This history of racial inequality and economic injustice in the United States has created continuing challenges for all Americans. EJI believes more must be done to advance our collective goal of equal justice for all. The United States has done very little to acknowledge the legacy of genocide, slavery, lynching, and racial segregation. As a result, people of color are marginalized, disadvantaged, and disproportionately impoverished; the criminal justice system is infected with racial bias; and a presumption of guilt and dangerousness has led to unjustified police violence against black and brown people.
To justify the brutal and dehumanizing institution of slavery in America, its advocates created a myth of racial difference that claimed white people were intellectually and morally superior to African Americans. Under this narrative, black people’s lifelong and nearly inescapable enslavement was defended as “most necessary to the well-being of the negro," instead of a crime against humanity. Slavery was justified as an act of kindness through which whites exposed their less-evolved human property to discipline, hard work, and morality. The formal abolition of slavery did nothing to overcome the harmful ideas created to defend it, and so slavery did not end with emancipation and passage of the 13th Amendment: it evolved.
In the decades that followed, these beliefs in racial hierarchy took new expression in convict leasing, lynching, and other forms of racial terrorism. This violence forced the exodus of millions of black Americans to the North and West, where the narrative of racial difference manifested in urban ghettos and generational poverty. Racial subordination was codified and enforced by violence in the era of Jim Crow and segregation, as the nation and its leaders allowed black people to be burdened, beaten, and marginalized throughout the 20th century.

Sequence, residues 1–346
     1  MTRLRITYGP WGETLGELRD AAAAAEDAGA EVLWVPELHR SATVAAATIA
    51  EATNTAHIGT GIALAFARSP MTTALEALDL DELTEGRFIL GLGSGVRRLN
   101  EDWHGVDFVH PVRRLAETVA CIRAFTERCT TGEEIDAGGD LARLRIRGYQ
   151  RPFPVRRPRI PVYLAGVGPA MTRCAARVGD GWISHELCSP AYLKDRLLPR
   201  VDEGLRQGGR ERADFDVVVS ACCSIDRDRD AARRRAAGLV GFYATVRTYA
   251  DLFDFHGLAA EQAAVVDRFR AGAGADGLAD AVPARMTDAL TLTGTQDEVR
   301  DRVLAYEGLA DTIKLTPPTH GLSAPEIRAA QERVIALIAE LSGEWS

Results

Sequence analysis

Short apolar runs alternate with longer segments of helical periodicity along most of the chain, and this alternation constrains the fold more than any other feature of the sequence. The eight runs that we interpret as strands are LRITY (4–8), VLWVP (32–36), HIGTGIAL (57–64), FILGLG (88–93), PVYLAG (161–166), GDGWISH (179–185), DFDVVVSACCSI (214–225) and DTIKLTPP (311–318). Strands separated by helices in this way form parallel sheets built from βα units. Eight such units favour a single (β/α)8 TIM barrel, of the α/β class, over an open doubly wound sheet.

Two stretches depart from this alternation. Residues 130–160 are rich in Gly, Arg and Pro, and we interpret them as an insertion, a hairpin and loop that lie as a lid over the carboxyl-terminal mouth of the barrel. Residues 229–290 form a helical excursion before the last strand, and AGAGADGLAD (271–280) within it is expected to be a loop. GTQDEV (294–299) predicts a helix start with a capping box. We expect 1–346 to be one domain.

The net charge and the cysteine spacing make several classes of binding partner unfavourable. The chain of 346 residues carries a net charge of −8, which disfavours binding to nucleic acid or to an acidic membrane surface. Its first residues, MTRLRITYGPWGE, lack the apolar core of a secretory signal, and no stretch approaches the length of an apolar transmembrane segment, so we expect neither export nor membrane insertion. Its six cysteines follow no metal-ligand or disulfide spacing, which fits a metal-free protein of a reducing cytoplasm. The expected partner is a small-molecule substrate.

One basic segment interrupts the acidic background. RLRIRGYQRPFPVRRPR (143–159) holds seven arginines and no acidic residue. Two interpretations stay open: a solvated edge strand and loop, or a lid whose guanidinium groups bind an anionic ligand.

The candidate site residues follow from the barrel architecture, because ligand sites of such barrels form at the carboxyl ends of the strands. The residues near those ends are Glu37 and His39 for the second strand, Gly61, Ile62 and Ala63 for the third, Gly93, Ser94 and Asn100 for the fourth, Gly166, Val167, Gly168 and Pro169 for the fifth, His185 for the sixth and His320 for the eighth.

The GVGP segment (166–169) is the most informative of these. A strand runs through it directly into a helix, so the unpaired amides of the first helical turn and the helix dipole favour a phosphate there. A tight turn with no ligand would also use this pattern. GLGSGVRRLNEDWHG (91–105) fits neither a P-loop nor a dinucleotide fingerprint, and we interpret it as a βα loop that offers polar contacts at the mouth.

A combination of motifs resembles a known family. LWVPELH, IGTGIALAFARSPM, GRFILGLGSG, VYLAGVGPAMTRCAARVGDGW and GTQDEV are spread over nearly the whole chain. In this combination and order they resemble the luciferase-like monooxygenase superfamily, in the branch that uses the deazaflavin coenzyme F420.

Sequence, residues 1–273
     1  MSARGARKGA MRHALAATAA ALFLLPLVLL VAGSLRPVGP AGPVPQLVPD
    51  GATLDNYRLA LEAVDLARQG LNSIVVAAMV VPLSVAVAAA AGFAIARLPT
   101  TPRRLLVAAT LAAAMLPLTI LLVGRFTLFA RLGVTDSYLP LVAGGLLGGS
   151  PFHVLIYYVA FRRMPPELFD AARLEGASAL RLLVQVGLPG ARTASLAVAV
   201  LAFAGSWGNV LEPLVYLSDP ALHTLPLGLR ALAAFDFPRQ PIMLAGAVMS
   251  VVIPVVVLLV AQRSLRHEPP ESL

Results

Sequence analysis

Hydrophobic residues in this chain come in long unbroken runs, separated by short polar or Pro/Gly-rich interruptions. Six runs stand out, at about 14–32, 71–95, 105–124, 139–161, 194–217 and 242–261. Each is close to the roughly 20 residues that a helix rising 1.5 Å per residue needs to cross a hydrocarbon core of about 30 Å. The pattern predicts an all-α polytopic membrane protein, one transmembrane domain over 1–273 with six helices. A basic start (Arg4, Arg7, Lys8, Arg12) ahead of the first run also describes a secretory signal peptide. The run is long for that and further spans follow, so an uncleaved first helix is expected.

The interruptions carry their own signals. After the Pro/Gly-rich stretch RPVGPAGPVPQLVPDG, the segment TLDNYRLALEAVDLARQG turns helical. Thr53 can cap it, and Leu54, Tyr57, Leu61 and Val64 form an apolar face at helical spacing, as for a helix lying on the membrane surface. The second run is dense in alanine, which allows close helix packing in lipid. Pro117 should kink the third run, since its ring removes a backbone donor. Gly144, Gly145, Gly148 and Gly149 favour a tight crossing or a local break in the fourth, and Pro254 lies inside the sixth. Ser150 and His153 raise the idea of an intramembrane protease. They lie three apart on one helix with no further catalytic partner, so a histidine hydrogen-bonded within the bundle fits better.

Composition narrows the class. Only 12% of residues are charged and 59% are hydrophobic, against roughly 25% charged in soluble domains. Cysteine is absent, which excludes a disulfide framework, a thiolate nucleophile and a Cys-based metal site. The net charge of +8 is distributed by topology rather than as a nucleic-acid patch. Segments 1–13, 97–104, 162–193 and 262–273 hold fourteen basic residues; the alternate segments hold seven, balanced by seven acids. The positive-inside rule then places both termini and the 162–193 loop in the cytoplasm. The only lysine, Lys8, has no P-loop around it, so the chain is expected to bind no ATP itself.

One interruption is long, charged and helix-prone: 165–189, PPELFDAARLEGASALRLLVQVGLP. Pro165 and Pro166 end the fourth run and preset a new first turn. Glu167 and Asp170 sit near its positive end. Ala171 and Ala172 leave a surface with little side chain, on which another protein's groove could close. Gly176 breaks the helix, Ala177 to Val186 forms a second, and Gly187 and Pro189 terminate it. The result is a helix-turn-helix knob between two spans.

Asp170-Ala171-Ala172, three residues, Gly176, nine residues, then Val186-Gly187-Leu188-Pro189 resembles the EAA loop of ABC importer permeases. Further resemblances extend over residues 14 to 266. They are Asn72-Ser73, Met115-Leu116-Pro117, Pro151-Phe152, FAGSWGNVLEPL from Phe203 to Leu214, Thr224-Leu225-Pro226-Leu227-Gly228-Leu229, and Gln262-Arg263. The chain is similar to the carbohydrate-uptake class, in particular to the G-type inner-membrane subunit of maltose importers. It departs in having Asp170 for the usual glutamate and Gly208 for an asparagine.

Courageous activism in the 1950s and 1960s resulted in progress towards civil rights for African Americans, but the myth of racial inferiority was not eradicated. Celebrating and romanticizing the civil rights movement while downplaying the violent and powerful resistance activists faced diverted the national spotlight from the great deal of work left undone. Leading into the end of the 20th century, this left black Americans vulnerable to a new era of racial bias and abuse of power wielded by our contemporary criminal justice system. Today, the United States has the highest incarceration rate in the world. Mass incarceration has had devastating consequences for people of color: at the dawn of the 21st century, one in three black boys, and one in six Latino boys, was projected to go to jail or prison in his lifetime.
Prosecutors in central Mississippi were more than four times more likely to exclude black jurors.
Ms. Hamer never fully recovered from the attack; she lost vision in one of her eyes and suffered permanent kidney damage.
Louisiana and New York restored voting rights for more than 100,000 people with felony convictions who are not currently incarcerated.